Wednesday, 16 May 2012

An Unlikely Route to Kingship

 In which William Rufus upsets his brother and the Church is shocked

  Let’s face it, when chroniclers call someone "hateful to almost all his people and odious to God" and the Archbishop refers to them as a ‘wild bull’, you just know things are going to get colourful with this person.    These things were said of William II of England, whose rise to kingship came, appropriately, from a most unexpected frolic.

  William was nicknamed ‘Rufus’, which means red.  This likely refers to his somewhat florid complexion brought about by going around shouting at people.  A disagreeable habit perhaps, but when one is short and has a mother who is only 4ft tall that has been called incestuous by the Pope, one probably has had to put up with a lot in the playground.

William II
Statue of William Rufus looking mischievous

  As third son of William the Conqueror, Rufus followed the custom of being packed off to get a degree in archbishop-ry.  This wasn’t for young Rufus.  In fact his care free larks seemed to get right up the noses of the Clergy.  He had indecently long hair for the Church and wore it in a blasphemous centre-part.  And his shoes ... long, pointy and curled at the ends were a scandal!

  When his eldest brother Richard died, Rufus suddenly transferred careers to being a knight.  This was more like it.  Now he could curse loudly, tell rude jokes and bash people with a mace.  But his breezy ways would lead to family complaints.

  In 1087, Rufus joined his Father and elder brother Robert in L’Aigle, where the Conqueror was planning to go and biff a neighbour.  One evening, when he was sat twiddling his thumbs and feeling bored, Rufus decided to nip around Roberts house with a few of his friends and his ten year old brother Henry.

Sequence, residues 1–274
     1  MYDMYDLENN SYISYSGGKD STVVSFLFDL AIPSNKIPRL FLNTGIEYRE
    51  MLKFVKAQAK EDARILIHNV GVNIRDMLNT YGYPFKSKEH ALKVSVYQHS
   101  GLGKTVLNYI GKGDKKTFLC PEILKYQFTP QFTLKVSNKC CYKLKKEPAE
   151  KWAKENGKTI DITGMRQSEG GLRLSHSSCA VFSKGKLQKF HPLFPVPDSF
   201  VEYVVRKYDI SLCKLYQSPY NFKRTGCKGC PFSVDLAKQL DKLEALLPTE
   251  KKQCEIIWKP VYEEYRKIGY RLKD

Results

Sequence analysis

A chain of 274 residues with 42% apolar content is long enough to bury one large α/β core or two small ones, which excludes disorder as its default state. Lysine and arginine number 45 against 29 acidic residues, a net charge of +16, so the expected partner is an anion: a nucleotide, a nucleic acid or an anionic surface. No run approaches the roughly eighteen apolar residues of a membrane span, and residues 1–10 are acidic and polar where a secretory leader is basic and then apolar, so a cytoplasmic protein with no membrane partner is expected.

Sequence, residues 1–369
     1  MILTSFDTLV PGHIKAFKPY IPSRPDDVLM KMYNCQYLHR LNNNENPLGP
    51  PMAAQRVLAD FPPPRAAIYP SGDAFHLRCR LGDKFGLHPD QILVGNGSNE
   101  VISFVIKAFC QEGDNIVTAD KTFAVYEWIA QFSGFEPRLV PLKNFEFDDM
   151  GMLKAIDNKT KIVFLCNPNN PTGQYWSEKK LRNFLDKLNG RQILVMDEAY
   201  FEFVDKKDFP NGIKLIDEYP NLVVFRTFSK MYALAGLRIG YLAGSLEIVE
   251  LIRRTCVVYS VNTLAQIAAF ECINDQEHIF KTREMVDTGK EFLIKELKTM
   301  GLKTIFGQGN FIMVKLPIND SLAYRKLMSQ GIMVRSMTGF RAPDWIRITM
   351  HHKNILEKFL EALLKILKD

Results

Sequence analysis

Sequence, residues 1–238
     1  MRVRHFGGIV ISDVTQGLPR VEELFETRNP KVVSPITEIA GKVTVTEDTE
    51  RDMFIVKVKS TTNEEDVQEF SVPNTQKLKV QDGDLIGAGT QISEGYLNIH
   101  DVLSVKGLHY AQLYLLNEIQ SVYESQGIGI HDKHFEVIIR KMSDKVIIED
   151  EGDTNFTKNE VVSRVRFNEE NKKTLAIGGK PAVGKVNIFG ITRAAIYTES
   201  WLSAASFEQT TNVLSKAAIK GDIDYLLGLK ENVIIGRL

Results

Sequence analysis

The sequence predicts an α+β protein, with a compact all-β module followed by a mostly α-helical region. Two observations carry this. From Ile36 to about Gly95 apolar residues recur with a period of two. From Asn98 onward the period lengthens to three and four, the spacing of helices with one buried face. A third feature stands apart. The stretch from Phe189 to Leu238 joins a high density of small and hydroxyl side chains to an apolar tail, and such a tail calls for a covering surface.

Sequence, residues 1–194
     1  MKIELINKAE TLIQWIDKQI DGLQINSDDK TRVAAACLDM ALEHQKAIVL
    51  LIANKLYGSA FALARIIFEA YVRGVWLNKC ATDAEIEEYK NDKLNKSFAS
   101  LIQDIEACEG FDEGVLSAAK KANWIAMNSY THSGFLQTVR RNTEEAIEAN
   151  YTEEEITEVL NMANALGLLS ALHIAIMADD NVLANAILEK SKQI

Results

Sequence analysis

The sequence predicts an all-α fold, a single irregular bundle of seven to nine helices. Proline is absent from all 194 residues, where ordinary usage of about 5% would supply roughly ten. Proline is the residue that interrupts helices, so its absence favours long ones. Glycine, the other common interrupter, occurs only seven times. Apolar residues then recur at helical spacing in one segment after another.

Robert was entertaining his own guests at the time with a game of charades or Pictionary.  Answering the door he said “Come in.  We’re playing charades.  I think Cedric is meant to be Edward the Confessor.”

  Charades not being Rufus’ scene, he tramped up to the mezzanine floor and began playing dice and making a right old racket with his chums.  Robert, trying to impress his friends may have said ‘Shhh’, but Rufus didn’t hear him if he did.

  Eventually, after tiring of dice and drink, Rufus looked for something really fun to do.  And he hit upon a corker.  Wouldn’t it be a wheeze, thought he, if we all wee over the balcony onto my brother?  So they did.

  Down below, Robert and his friends had just got Trivial Pursuits out when the urine began to fall.  His nostrils flared and his hair dripped.  “Oi” said Robert and, grabbing a heavy instrument ascended the stairs to do Rufus bodily injury.  There followed a royal rumble in which more than one vase was broken and the carpets were ruined.

  So great was the fighting that the King was called who shouted “Now then!” a great deal until everybody stopped.  The errant boys stood before their father.  Robert smelled suspicious and Rufus sniggered.  Despite imploring his father to let him bash his brother silly, Robert was told that boys will be boys and to shake hands.

  Robert’s ego smarted.  Nobody likes being piddled on in front of their friends.  He would have his revenge.  So, after taking a quick bath, he tramped south with his friends and promptly broke into the keep at Rouen, which belonged to his father.  He was making his point.

  King William took exception to this insolence and visited Robert with weapons.   Unthinkingly, in hindsight, Robert’s men wounded William the Conqueror and thus, at the end of his life William the Conqueror bequeathed the English throne, not to his eldest son, but to that charming whipper-snapper, William Rufus who was mighty pleased.

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